Roaster’s Notes: a great offering from Brazil. Sweet hazelnut and smooth chocolate.
Fazenda Trapiá was purchased by Andréa de Souza Rangel and Renato Pita Maciel de Moura in 2005, immediately upon their retirement from their respective jobs in IT and insurance. The farm once belonged to the mayor of Baependi, where the farm is located in Southern Minas Gerais, and has long been well-known within the region. Although neither Renato nor Andréa had backgrounds in agricultural business, they had always dreamed of owning a farm. Trapiá presented them not only with the perfect opportunity to manifest their life-long penchant for farming but also presented them with optimal growing conditions for coffee, of which they have made the most. When the couple purchased the farm, there were there were only 20,000 coffee plants planted and no coffee infrastructure whatsoever. The farm now has 61 hectares (170,000 plants) under coffee and the couple have built state-of-the-art processing infrastructure.
When they aquired the farm, Renato and Andréa changed its name to Trapiá, in honour of the farm where Andrea’s mother was born, in northeastern Brazil. Trapiá takes its name from a tree common in northeastern Brazil.
Today the couple live on the farm full time and have succeeded in achieving BSCA and UTZ certification.
Other agricultural activities at Trapiá include primarily forestry. Some 40,000 Candeia trees (a native species) have been planted on the farm and are selectively and sustainably harvested annually. 30% of the farm is under conservation, and there are several springs and falls inside the farm, all of them preserved. Environmental programs currently in effect include the planting of native tree species and the establishing of a wildlife corridor in partnership with neighbouring farms. Andréa and Renato have also started a beekeeping program in order to promote pollination.
All coffee at Trapiá is hand harvested using the stripping method or is machine harvested where the terrain allows. This particular lot comes from the ‘Talhao 3 Pinheiros’ (3 Pine Trees lot). The lot lies at a higher elevation and is planted with Yellow Bourbon, which composes this very special lot.
Coffee cherries are separated by density on the same day as they are harvested before proceeding to their respective processing methods. This particular lot has been composed of coffees processed using both natural and pulped natural methods. Trapiá’s natural coffees are delivered to the patio directly after sorting, where they then spend 12 days, reaching their target humidity of 12%. Alternatively, some lots spend 3-5 days on patios until they reach 18% and then spend 3 days more in mechanical dryers. Pulped natural coffees are pulped using the most widespread method in Brazil – that is, pulping without fermentation. The mucilage is partially removed, enough to enable the coffee to be delivered to the patios where it is regularly turned (“rolling” the fruits).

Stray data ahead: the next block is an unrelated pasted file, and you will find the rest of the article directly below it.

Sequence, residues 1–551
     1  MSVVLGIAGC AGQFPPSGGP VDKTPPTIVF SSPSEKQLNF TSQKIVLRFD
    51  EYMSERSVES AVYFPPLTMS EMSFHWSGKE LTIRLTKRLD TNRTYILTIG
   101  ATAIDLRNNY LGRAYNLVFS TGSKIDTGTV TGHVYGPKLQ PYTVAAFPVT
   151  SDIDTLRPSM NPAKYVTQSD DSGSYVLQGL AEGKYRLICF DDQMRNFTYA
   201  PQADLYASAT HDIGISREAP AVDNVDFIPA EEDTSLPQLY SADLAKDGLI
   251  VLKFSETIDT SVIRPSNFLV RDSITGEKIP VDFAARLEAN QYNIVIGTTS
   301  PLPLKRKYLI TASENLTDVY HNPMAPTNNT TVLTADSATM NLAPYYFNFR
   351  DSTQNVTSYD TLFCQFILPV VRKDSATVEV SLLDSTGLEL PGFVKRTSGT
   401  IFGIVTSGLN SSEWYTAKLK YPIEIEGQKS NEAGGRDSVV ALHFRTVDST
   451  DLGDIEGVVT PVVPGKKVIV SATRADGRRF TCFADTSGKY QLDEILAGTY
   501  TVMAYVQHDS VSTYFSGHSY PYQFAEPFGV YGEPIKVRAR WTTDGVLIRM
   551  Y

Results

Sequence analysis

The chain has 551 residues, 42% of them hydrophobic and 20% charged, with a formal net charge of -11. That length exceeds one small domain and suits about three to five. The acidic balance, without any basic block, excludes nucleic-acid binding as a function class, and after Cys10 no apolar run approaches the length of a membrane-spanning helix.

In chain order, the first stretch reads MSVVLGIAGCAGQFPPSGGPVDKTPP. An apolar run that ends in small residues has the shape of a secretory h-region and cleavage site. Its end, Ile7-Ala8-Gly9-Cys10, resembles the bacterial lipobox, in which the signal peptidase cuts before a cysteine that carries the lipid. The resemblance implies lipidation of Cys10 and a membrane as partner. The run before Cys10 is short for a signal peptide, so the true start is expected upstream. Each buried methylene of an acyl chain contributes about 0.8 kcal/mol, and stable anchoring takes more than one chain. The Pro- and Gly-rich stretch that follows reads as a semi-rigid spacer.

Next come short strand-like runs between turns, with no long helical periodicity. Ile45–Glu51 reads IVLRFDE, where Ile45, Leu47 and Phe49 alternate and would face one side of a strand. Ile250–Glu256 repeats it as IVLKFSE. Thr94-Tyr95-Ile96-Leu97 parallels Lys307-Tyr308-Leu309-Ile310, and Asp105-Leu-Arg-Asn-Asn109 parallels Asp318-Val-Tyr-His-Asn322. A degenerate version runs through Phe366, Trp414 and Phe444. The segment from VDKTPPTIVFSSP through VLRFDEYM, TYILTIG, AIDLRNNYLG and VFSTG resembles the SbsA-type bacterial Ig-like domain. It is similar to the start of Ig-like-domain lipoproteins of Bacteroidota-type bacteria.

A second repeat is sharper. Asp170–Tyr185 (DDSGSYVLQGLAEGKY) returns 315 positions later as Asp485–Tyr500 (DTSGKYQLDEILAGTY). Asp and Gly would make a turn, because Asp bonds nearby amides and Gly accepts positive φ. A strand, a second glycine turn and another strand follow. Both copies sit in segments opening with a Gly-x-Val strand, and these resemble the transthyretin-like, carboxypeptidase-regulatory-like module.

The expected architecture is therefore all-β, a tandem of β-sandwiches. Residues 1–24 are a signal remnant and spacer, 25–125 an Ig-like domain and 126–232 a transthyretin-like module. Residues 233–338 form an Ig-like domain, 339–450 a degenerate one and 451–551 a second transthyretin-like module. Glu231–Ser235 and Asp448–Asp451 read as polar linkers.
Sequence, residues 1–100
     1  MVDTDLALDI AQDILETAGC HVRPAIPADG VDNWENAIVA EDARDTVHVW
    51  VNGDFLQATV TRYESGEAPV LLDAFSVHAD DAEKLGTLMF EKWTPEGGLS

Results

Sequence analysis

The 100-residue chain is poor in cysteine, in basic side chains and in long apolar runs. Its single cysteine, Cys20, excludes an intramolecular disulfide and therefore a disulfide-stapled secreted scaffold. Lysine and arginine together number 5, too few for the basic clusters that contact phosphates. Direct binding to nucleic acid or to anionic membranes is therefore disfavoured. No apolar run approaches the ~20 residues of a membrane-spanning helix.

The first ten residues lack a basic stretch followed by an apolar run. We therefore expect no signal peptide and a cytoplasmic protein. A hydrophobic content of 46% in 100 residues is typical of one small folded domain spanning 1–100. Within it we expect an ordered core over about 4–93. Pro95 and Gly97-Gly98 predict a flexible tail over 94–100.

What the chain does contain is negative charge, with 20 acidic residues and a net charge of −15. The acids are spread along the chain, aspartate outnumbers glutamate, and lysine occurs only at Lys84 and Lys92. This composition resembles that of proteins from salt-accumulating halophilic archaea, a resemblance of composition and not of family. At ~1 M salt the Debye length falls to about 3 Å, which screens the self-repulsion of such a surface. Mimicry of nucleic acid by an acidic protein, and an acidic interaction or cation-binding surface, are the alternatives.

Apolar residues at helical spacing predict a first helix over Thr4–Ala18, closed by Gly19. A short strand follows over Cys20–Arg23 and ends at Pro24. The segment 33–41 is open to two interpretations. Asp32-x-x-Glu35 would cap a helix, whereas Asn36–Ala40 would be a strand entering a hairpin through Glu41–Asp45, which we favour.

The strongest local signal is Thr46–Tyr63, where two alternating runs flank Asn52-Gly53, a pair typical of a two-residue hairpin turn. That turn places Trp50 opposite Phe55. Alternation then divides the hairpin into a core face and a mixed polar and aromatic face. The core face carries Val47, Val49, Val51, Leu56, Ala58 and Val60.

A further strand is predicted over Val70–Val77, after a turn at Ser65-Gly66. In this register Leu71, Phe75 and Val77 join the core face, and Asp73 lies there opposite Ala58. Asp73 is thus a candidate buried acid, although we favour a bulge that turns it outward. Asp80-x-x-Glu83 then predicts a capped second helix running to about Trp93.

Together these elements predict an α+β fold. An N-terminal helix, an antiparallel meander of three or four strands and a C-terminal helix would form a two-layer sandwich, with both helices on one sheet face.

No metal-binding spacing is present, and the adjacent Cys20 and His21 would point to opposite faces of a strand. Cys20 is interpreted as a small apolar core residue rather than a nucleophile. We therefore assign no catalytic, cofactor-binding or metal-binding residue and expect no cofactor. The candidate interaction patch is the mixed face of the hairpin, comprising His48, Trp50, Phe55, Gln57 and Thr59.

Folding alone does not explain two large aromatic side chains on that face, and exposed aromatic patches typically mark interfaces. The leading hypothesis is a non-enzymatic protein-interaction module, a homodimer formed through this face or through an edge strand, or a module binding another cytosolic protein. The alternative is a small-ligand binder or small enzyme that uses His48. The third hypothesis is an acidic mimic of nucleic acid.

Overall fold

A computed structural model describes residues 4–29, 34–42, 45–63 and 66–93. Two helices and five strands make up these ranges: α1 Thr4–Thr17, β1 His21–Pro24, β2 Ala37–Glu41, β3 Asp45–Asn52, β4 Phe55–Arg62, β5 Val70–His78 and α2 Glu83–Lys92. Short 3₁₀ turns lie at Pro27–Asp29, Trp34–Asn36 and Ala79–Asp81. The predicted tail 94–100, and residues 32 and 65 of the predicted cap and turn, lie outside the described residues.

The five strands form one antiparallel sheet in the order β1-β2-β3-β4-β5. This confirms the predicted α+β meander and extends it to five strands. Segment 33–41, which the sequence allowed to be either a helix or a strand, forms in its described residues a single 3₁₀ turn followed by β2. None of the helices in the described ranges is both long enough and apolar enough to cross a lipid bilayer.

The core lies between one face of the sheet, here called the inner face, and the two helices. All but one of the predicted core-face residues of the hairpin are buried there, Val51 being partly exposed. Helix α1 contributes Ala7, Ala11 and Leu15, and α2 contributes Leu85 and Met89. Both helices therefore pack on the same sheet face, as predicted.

All lots begin their drying on the patio, though some are finished at low, constant heat in the farm’s mechanical dryers. Throughout all stages, the drying process is controlled through periodic humidity measurements using a precise capacitance device.
The farm also has its own dry mill, located very close to the cultivated areas.
The biggest challenge of the farm is finding manpower during harvest season. To resolve this issue, in 2015 the couple purchased a harvesting machine, which has brought, as a side benefit, a more selective harvest, where two or more harvesting ‘passes’ are made in each area. They also have plans to build new patios, install additional selective sieves and are looking at installing centrifugal equipment and an automatic control of mechanical dryers temperature.
Currently, La Trapiá employees 13 workers during low season and around 24 during the harvest season. In addition to providing livable wages, the farm promotes lectures on health and hygiene, nutrition, and environmental care for all employees and their families. All the workers’ housed on the farm (currently 4 families) have septic tanks, wood burning stoves and hot water. All the children are driven to the local school by the municipality. Employee Turnover is very low – surely an extension of the farm’s ethical approach to their workers.